Finding an out-of-print DVD featuring the guy is still cause for joy for a sad completist like myself. Even if he does make his first appearance in this morality flick at exactly the half hour mark as a district attorney. It's an unusual role for Bogie. Unusual because of the decade. He'd go on to play a lawyer or two in his later years, but in the 30s he was generally saddled with yer usual tough guys, thugs, and/or all-around scumbags who usually wound up meeting his fate at the wrong end of a gat (usually held by James Cagney or Edward G Robinson). Very rarely during that decade would he get to play against that type. Off the top of my head I can only think of one - Stand-In, where he played a drunken - yet likeable - lush of a movie director.

Here he comes to the defense of a group of clip joint party girls (polite slang for the period for prostitutes) led by Bette Davis (probably at the peak of her beauty IMO) that are being victimized by their new boss.

Allen Jenkins, who was also frequently cast as hoodlums, gets a one-scene comic relief turn as a walking one-man pawn shop. Also appearing is Mayo Methot, Bogie's soon-to-be third wife as one of the party girls.

The actor playing the movie's villain is a bit stiff. And the character of Bette Davis' sister undergoes a bizarre personality change just for the sake of plot contrivance halfway through the movie, but it's still a decent watch.

Apr. 29th, 2011


Dead Hero, by William Campbell Gault (1963)

I have certain peasant superstitions my conscious mind has abandoned but my unconscious stubbornly refuses to surrender.
     I still half believe in patterns, in the full cycle, in the inevitability of retribution, the artistic necessity for revenge. They are not theories respected by the enlightened and I will not defend them. I half believe in prescience.

Heady thoughts from an ex-NFL guard-turned-private detective. But he doesn't flash his intelligence that much and as a result he's constantly underestimated by others.

Another ex-teammate of Brock's approaches him and asks him if he can tail his wife one night. He has suspicions. The conversation is an awkward, embarrassing one for both men, but Brock grudgingly agrees to do his friend this favor, pro bono. He is godfather to their son.

Much to his disappointment, he discovers that the wife is having an affair with yet another ex-teammate - one who is younger, more successful post-football career, and already goes through several "girlfriends" on a weekly basis.
Rather than break his friend's heart, he decides to approach the homewrecker after the wife has left for the night and informs him that the affair has to end. The man laughs in Brock's face, so Brock punches him in the stomach and stomps off, feeling disgusted even with himself.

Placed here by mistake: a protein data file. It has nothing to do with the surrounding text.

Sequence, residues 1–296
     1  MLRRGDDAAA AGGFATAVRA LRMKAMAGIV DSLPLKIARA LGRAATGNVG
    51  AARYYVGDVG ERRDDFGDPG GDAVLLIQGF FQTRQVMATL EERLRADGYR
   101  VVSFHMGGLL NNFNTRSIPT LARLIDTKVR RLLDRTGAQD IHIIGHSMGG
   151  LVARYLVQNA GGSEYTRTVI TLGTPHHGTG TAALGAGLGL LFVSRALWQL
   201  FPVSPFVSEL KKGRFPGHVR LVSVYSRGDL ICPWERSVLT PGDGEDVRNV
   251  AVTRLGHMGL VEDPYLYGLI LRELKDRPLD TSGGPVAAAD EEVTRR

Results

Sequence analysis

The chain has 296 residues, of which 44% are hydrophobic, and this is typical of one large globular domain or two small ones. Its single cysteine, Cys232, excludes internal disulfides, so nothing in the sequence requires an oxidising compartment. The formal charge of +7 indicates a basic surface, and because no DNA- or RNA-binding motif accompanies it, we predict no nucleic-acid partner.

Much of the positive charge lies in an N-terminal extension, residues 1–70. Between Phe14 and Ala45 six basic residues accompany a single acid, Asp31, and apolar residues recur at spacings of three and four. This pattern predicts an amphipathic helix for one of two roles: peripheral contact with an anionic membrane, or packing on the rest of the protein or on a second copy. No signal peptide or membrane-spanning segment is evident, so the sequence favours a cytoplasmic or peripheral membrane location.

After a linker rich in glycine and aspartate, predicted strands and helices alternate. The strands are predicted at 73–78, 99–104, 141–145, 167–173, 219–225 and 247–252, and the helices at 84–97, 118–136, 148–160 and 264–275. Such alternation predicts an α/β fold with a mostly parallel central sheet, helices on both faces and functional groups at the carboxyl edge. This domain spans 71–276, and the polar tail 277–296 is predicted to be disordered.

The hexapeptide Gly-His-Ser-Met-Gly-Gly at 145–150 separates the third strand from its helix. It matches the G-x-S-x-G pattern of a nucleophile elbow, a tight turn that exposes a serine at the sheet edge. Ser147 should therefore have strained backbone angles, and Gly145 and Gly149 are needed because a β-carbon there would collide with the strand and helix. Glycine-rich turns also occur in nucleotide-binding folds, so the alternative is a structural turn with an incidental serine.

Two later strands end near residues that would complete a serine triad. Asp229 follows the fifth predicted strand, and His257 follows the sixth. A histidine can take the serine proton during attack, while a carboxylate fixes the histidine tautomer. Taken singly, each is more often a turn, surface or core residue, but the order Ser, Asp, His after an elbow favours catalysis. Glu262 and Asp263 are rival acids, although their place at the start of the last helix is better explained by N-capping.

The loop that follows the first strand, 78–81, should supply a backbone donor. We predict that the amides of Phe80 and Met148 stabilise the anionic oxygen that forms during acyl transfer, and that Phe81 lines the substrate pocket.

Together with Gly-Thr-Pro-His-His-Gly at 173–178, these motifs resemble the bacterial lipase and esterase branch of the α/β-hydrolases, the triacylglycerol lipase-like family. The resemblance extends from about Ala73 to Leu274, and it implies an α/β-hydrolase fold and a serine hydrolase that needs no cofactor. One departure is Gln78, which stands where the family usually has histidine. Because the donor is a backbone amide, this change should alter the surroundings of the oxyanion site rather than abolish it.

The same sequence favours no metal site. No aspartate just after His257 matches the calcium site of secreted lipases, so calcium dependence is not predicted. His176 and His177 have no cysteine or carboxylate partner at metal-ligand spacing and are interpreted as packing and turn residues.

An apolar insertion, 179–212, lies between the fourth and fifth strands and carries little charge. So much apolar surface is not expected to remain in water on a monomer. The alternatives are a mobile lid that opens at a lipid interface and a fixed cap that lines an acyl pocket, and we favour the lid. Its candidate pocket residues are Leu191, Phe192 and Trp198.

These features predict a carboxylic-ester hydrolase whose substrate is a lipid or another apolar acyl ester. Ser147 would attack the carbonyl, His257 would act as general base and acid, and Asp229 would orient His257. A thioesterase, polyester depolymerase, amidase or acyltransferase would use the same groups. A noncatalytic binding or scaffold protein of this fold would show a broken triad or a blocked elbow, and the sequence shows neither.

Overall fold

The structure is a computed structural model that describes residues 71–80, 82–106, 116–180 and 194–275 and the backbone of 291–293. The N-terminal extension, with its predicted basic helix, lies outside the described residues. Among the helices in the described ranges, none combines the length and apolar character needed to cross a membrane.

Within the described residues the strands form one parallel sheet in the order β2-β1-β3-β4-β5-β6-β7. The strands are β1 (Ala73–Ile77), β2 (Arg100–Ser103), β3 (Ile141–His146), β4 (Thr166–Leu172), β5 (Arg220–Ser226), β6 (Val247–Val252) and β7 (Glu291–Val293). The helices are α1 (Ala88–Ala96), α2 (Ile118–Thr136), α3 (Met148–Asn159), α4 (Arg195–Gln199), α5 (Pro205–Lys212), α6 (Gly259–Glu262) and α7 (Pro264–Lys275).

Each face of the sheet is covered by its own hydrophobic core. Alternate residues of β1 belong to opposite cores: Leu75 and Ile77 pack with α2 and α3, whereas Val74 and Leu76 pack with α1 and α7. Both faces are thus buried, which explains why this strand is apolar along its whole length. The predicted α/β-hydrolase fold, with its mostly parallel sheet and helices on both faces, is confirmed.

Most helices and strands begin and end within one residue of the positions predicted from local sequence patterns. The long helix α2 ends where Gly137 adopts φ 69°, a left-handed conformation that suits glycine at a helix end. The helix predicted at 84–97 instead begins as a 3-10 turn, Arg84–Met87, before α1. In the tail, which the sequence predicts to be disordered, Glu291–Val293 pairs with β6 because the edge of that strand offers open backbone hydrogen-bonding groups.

Of course, the homewrecking ex-teammate is dead by the next morning, killed with a fireplace poker before the house is burned to the ground. And someone witnessed Brock's visit to him the night before.

So Brock spends most of the book hiding from the law. It doesn't stop his girlfriend from hanging out with him at one point.

"...Tell me you love me, Brock Callahan."
     "I love you," I said,"all the ways there are. Come closer and let me enfold you in my enormous arms."
     "Oh, boy!" she said. "What a corn pone!"

They are starting to become a corny couple. In a good way. And they don't (temporarily) break up (again) in this one! Hope for them yet...

Goes without saying that I enjoyed this one. I've never been disappointed with a Gault yet. Definitely a palette cleanser after the last few books.

Apr. 28th, 2011


Gallifreyan Philosophy 101

Apr. 27th, 2011


Strangler's Serenade, by Cornell Woolrich writing as William Irish (1951)

This book accidentally fell out of my coat pocket as I was taking some pictures. I didn't notice it was missing until a half block later; and only because some dude in a U-Haul drove past shouting at me that I "dropped your book!"

I was like, How cool. Dude didn't have to do that. Could've driven on with out saying a word. Glad he did, though. Book cost me twenty bucks.

That's my interesting story regarding this book. Sorry.

As with a lot of Popular Library books of the period, the cover is a lot more racier and jucier than the actual ingredients (the killer is also crazy for male victims...and doesn't necessarily strangle them). But it was Cornell Woolrich. And I was semi-prepared.

But under a pen name, he's a bit more...jovial. When the book isn't a mystery about a serial killer, it is kinda a romantic comedy about a New York detective trying to vacation in a sleepy New England town.

Well written, but not really my cup of tea.

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October 2016